Senator Introduces Drug Safety Bill

On the same day that the U.S. Food and Drug Administration proposed changes to how medical device approval is fast tracked via its 510(k) process to speed devices to the market, new legislation was introduced to improve <"">drug safety, wrote The Hill.

Senator Michael Bennet introduced the legislation, which he said would significantly add to current FDA authority and would increase the onus drug companies face for accountability to the drugs they sell, explained The Hill.

Noting that we now live in a “globalized age,” said The Hill, Senator Bennet explained the issue with drugs and drug components that are manufactured overseas. “For too long, the FDA has lacked the proper authority to adequately safeguard our drug supply,” Bennet said, quoted The Hill. “Americans need to be able to trust that the drugs in their medicine cabinets are safe, no matter where they’re made,” he added.

Also yesterday, a poll was released by the Pew Prescription Project in which it was revealed that the majority of Americans—89 percent—support Congressional action to increase drug safety in the United States, with 58 percent indicating that they “strongly support,” these actions, wrote The Hill.

As expected, support is not coming from industry, and the drug lobby feels that additional consumer protections are unwarranted. Ken Johnson, a senior vice president of the Pharmaceutical Research and Manufacturers of America (PhRMA), a key lobbyist group for branded medications is among those who claim the proposal is not needed, wrote The Hill.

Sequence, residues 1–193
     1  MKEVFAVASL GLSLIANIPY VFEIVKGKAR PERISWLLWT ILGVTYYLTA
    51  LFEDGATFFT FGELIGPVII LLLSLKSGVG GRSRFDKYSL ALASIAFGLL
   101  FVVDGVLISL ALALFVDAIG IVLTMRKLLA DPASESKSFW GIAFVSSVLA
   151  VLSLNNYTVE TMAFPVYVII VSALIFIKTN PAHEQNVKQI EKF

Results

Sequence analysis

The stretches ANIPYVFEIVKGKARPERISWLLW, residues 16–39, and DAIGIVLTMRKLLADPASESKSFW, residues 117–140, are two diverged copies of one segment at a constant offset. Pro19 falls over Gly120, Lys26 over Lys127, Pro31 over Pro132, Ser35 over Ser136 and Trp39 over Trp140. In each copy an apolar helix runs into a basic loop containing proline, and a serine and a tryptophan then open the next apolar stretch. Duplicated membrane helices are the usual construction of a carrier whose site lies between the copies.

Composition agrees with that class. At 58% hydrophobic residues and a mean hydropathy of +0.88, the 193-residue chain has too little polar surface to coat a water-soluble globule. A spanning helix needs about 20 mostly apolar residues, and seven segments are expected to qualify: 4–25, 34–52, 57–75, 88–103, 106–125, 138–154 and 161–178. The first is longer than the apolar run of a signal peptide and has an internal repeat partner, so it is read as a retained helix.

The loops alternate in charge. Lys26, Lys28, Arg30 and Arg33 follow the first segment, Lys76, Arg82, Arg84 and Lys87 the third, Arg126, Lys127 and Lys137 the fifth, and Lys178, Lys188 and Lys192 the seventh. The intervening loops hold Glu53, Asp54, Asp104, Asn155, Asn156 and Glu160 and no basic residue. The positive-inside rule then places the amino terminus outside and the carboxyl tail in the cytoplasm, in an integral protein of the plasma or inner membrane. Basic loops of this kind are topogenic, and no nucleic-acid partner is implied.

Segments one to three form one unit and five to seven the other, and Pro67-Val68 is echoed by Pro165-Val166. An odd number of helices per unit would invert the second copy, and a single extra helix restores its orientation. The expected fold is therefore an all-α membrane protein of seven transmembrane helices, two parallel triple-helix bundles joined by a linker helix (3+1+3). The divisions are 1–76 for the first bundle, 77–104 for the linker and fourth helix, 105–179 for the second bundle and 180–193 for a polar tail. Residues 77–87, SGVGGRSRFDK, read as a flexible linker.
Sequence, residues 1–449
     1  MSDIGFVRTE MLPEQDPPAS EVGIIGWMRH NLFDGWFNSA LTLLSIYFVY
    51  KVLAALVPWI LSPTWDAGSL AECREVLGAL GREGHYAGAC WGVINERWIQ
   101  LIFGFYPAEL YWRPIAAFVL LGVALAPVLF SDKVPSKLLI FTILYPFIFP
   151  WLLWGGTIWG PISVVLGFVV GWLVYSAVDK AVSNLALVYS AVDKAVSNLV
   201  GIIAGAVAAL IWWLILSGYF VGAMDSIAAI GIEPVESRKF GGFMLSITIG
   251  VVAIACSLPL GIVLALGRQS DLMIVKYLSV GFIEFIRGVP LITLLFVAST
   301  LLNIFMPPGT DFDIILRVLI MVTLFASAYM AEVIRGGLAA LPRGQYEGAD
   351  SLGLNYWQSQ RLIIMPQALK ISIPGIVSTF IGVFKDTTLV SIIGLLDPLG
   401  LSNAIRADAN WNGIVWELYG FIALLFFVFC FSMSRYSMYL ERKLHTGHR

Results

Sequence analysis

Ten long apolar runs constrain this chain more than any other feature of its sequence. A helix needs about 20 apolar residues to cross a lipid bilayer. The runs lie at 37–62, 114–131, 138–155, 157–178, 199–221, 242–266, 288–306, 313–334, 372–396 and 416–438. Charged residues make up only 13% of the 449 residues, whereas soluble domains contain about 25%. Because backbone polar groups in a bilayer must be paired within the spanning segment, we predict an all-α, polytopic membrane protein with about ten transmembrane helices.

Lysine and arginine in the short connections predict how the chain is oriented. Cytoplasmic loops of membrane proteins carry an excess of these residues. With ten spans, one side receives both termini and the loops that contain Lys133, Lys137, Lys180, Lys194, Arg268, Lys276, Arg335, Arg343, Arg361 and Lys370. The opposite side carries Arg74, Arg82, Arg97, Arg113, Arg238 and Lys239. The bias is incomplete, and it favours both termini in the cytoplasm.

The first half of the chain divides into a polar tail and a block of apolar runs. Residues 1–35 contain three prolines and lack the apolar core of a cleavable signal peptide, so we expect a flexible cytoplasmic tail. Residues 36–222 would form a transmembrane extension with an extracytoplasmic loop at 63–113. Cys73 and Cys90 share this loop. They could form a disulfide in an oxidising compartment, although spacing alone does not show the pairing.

“Brand-name pharmaceutical companies make tremendous investments in quality control systems and take extensive measures to help protect patient safety and to help prevent adulterated ingredients from entering into America’s prescription drug supply,” Johnson said in a statement, quoted The Hill. “The U.S. regulatory system for prescription drugs is the toughest and safest in the world,” Johnson added.

Proposal supporters disagree, pointing out that in 2009 alone, the U.S. saw a massive 400 percent increase in drug recalls over the prior year; 1,742 drugs, said The Hill. Also, over 100 Americans died in 2007 and 2008 just from the Chinese-manufactured blood thinner heparin in a widely publicized debacle that pointed to unsafe, unsanitary drug manufacturing practices, a significant issue given that most of the active ingredients—proposal supporters claim 80 percent—in pharmaceuticals targeted to U.S. consumers, are made overseas where regulations are not as strict as in the U.S., noted The Hill.

The proposal would include an enhancement to FDA systems that would enable tracking of international manufacturers providing ingredients and drugs to the U.S., mandate firms document each contributor in the product‘s cycle, allow the agency subpoena authority when investigating firms and products, and allow—finally—the FDA to recall drugs when safety issues become evident, said The Hill. Today, the FDA does not have the power to recall medications.

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